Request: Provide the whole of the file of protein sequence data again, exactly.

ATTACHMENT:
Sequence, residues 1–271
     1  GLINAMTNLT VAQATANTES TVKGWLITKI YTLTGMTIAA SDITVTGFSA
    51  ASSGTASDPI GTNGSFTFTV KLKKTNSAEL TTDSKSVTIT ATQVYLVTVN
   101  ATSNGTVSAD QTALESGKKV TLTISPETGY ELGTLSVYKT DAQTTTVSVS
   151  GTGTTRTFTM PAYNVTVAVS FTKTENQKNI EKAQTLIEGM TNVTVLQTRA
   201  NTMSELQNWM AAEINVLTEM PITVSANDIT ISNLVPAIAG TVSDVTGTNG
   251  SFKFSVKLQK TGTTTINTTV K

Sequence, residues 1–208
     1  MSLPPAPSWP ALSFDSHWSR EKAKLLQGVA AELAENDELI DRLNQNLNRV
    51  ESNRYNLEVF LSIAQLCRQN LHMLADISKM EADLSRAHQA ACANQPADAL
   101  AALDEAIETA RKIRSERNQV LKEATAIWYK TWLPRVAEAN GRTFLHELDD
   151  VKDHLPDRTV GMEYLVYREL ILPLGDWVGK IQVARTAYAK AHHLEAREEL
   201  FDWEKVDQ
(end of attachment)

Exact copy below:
Sequence, residues 1–271
     1  GLINAMTNLT VAQATANTES TVKGWLITKI YTLTGMTIAA SDITVTGFSA
    51  ASSGTASDPI GTNGSFTFTV KLKKTNSAEL TTDSKSVTIT ATQVYLVTVN
   101  ATSNGTVSAD QTALESGKKV TLTISPETGY ELGTLSVYKT DAQTTTVSVS
   151  GTGTTRTFTM PAYNVTVAVS FTKTENQKNI EKAQTLIEGM TNVTVLQTRA
   201  NTMSELQNWM AAEINVLTEM PITVSANDIT ISNLVPAIAG TVSDVTGTNG
   251  SFKFSVKLQK TGTTTINTTV K

Sequence, residues 1–208
     1  MSLPPAPSWP ALSFDSHWSR EKAKLLQGVA AELAENDELI DRLNQNLNRV
    51  ESNRYNLEVF LSIAQLCRQN LHMLADISKM EADLSRAHQA ACANQPADAL
   101  AALDEAIETA RKIRSERNQV LKEATAIWYK TWLPRVAEAN GRTFLHELDD
   151  VKDHLPDRTV GMEYLVYREL ILPLGDWVGK IQVARTAYAK AHHLEAREEL
   201  FDWEKVDQ